Talking of the lens, it's a pretty uninspiring looking thing. It's very small, and doesn't look like it's using particularly high quality glass. It comes as little surprise to find that this tiny lens supports only a very paltry amount of optical zoom. This made it quite difficult to get the BenQ W1070 positioned in a helpful place in our long test room, especially as the projector has clearly been designed with relatively small rooms in mind.

BenQ W1070 - Poor zoom/focus controls

It's not just the limited amount of optical zoom that irritates either; we also didn't think much of the zoom and focus rings the projector provides. They're contained within quite a deep recess and are stiff to turn, making fine adjustments difficult to achieve.

There is one good bit of set up news, though: vertical image shifting. Admittedly this is limited in scope and only achieved via an almost painfully cheap-looking and faffy little screw hidden under a flimsy slide-back cover on the BenQ W1070's top. But being able to optically shift the image up or down at all is a boon on a £700 projector, hugely reducing the likelihood that you'll have to resort to the digital distortion nastiness of the provided keystone adjustment to get the image's edges straight.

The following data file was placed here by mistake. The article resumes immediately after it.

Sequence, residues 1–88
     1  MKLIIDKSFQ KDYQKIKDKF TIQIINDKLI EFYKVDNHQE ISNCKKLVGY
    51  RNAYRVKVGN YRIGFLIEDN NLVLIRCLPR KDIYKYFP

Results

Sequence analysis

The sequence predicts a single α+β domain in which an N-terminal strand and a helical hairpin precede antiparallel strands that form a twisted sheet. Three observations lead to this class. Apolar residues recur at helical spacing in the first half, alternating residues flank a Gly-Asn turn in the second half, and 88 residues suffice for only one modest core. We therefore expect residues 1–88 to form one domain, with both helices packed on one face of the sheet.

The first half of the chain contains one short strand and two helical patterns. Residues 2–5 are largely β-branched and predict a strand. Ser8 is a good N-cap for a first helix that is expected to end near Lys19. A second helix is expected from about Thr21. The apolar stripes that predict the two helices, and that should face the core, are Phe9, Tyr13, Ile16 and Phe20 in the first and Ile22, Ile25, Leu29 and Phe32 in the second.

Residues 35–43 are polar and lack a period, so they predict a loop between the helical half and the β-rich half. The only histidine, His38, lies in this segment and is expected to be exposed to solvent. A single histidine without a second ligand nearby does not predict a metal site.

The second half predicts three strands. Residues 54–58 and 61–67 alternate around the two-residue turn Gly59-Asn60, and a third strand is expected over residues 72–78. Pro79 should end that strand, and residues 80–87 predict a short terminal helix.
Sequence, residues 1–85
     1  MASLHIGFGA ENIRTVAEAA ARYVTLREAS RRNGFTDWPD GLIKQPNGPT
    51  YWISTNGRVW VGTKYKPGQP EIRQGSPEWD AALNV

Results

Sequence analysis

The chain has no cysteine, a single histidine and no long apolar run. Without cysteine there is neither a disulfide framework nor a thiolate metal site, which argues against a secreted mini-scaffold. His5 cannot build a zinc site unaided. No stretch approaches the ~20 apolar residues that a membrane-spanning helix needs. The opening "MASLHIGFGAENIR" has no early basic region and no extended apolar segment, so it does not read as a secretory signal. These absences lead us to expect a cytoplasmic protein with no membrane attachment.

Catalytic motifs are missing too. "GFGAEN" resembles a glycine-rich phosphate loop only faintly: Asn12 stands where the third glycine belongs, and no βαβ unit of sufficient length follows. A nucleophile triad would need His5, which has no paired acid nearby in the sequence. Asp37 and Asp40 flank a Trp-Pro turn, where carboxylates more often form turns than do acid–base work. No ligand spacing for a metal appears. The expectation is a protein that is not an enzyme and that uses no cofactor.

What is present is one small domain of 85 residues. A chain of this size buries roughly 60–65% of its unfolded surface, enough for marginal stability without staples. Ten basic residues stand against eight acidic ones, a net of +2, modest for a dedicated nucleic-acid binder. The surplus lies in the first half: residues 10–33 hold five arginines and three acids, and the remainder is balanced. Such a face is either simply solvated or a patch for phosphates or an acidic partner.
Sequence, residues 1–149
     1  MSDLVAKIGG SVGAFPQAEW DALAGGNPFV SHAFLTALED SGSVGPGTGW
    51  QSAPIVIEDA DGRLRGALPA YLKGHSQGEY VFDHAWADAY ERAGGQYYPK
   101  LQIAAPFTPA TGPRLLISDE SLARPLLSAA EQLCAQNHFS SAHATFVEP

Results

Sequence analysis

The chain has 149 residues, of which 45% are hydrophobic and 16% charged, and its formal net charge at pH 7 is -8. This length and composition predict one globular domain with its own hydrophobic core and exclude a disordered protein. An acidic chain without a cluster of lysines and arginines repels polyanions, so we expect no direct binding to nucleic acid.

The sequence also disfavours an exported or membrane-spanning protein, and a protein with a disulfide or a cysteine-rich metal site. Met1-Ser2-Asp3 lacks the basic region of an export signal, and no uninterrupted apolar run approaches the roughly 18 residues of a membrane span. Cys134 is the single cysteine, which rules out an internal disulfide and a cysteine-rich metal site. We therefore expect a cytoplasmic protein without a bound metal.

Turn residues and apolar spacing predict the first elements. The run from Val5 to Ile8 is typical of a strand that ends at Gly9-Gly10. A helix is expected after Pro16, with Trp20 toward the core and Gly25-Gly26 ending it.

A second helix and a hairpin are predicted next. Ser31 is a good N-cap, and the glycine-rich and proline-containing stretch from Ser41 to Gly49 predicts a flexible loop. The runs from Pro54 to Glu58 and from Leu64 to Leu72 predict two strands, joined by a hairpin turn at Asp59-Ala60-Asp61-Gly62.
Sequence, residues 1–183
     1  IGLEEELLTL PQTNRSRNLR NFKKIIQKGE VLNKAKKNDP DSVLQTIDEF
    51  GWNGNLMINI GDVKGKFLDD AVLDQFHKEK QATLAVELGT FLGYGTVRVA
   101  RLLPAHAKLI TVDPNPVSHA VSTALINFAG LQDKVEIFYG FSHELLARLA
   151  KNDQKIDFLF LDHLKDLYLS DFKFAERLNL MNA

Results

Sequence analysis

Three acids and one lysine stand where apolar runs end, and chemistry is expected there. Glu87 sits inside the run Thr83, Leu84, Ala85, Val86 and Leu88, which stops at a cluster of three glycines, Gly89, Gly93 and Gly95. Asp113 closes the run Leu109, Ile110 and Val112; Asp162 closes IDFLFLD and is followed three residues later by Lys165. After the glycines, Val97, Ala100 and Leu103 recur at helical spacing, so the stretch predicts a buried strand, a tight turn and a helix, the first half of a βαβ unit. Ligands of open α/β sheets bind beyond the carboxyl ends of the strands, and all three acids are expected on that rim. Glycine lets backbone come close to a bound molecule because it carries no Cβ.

BenQ W1070 - Digital zoom

The W1070 carries more digital distortion nonsense in the form of a digital zoom to bolster the puny optical zoom on offer. But using this greatly increases the picture's softness and noise levels, and so obviously isn't recommended.

BenQ W1070

The remote control you get with the W1070, meanwhile, scores a major faux pas by not being backlit. This makes it painfully tricky to use in the sort of darkened room you're most likely to be using the projector in - especially as the remote is unusually small and, as a result, rather crowded.

BenQ W1070 - ISF certification